Department Seminar of Ilya Barmak

Coherent Particle Structures on thermocapillary liquid bridges

01 December 2021, 14:00 - 15:00 
בניין וולפסון חדר 206 
Coherent Particle Structures on thermocapillary liquid bridges









School of Mechanical Engineering Seminar
Wednesday, December 1, 2021 at 14:00
Wolfson Building of Mechanical Engineering, Room 206




Dr. Ilya Barmak

School of Mechanical Engineering, Tel Aviv University, Tel Aviv 69978, Israel

In this talk, I will discuss the transport of liquid and of small rigid spherical particles in thermocapillary liquid bridge under zero-gravity conditions. When dispersed in the flow, small rigid particles of a dilute suspension are found to cluster into closed threads, called particle accumulation structures (PAS). The segregation of multiple particles into PAS is modeled in the framework of a one-way coupling as an attraction of a single non-interacting particle to an attractor in or near Kolmogorov-Arnold-Moser (KAM) tori of the unperturbed fluid flow (without particles). We employ highly-resolved numerical simulations to compute the flow fields of the liquid of high Prandtl number of 68 at supercritical thermocapillary Reynolds numbers, when the flow arises as an azimuthally traveling hydrothermal wave. The Langrangian transport of fluid elements reveals the coexistence of regular and chaotic streamlines in the frame of reference rotating with the hydrothermal wave. A regular streamline winds on a closed streamtube which corresponds to KAM torus. The intricate KAM structures of the flow are found to have their counterpart in a multitude of different attractors for the particle motion.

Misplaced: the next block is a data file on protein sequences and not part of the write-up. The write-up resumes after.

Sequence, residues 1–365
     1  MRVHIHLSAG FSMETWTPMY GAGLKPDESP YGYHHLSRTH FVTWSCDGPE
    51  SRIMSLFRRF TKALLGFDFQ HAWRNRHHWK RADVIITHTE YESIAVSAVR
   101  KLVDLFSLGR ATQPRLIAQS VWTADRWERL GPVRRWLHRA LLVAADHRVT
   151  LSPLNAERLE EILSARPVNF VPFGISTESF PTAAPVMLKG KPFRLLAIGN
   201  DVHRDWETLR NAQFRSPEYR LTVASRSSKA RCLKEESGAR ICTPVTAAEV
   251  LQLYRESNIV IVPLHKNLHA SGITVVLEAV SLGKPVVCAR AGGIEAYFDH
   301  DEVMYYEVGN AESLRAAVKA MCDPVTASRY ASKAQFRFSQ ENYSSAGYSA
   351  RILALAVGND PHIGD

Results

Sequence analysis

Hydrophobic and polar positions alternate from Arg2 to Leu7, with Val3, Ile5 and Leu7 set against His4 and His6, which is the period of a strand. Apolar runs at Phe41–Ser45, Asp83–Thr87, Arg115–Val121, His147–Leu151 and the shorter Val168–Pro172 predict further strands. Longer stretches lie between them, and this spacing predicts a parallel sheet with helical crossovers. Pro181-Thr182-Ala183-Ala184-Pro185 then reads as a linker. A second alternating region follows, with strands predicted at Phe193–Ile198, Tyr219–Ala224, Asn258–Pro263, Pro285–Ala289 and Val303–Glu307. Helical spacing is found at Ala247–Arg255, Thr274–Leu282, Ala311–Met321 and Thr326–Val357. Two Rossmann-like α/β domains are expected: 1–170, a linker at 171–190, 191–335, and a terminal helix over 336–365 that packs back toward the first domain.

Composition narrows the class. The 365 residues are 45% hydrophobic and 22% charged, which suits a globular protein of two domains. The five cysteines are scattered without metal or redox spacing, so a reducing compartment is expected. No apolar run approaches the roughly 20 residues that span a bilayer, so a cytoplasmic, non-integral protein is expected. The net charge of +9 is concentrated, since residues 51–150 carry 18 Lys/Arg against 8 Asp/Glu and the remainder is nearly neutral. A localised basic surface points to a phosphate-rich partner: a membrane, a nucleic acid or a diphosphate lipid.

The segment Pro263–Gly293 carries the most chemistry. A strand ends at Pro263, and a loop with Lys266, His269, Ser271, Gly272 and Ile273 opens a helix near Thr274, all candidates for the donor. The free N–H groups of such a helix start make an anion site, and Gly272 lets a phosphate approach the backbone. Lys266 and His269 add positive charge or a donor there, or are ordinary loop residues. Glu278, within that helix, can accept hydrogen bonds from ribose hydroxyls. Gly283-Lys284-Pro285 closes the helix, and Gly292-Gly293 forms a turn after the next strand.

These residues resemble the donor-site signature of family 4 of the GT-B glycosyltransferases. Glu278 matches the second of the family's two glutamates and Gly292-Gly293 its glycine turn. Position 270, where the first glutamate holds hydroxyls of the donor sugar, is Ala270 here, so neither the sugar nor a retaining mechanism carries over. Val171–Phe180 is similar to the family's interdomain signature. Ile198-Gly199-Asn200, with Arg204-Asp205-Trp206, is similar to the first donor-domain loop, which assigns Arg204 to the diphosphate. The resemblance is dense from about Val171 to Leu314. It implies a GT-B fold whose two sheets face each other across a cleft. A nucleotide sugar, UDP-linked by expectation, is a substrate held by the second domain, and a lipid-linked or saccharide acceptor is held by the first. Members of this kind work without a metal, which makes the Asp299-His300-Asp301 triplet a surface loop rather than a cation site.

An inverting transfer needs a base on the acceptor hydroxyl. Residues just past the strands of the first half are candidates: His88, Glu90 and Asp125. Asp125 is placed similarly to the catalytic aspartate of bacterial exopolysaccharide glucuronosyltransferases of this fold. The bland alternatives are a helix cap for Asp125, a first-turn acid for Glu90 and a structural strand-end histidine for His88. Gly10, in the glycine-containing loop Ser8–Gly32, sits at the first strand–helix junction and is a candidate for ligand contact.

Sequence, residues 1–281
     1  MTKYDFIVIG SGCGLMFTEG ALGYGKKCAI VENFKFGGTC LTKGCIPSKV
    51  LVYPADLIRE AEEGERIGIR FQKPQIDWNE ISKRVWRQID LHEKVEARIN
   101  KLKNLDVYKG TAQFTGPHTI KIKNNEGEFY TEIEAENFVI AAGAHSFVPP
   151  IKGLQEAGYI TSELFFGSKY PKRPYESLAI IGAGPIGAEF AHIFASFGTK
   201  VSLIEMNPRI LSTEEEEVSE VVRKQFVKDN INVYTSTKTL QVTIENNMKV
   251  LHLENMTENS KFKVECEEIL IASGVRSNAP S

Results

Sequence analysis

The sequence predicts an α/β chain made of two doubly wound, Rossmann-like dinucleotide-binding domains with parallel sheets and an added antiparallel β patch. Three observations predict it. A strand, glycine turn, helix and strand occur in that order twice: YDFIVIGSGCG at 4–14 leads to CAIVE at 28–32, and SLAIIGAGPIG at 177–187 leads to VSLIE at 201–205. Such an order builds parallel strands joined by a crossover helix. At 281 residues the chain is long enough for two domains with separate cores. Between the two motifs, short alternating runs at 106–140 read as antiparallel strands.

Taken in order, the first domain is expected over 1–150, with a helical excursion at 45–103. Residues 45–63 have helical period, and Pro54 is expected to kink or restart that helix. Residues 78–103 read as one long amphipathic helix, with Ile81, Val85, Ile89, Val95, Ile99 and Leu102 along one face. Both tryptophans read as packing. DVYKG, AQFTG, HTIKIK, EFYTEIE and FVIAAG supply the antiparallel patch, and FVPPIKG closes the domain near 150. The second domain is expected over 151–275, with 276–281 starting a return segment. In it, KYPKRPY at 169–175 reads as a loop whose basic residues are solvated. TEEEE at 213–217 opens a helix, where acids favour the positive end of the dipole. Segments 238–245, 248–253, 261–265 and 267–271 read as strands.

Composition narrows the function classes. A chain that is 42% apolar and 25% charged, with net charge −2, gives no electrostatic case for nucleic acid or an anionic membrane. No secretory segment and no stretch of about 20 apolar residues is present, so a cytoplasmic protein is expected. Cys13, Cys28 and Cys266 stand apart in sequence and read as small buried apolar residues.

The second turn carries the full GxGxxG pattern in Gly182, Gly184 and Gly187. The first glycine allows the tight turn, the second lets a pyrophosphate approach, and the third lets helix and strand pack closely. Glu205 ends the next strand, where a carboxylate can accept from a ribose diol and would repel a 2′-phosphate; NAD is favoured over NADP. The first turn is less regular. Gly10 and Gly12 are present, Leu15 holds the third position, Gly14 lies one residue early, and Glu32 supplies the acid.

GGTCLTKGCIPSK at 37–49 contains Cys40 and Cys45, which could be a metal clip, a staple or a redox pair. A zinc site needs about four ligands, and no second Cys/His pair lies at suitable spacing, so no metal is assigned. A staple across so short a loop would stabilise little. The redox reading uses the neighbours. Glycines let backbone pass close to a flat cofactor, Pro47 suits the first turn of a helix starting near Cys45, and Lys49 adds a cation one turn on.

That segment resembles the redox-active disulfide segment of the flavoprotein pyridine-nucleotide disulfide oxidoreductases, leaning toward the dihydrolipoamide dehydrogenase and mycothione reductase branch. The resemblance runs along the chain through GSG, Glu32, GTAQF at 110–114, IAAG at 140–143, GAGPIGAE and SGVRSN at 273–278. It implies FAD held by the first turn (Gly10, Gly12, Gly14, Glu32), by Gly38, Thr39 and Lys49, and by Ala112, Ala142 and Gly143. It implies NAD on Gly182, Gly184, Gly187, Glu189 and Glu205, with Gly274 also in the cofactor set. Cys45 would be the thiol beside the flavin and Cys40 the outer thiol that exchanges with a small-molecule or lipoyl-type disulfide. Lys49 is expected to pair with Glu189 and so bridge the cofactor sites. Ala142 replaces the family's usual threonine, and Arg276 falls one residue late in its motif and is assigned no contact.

I will present some examples of particle accumulation structures and discuss the dependence of PAS on particle size, particle-to-fluid density, and Reynolds number. We have conducted a large parametric study that reveals the most probable combinations of particle size and density ratio which can lead to particle clustering in the joint Japan European Research Experiment on Marangoni Instability (JEREMI) planned to be carried out on the International Space Station (ISS).

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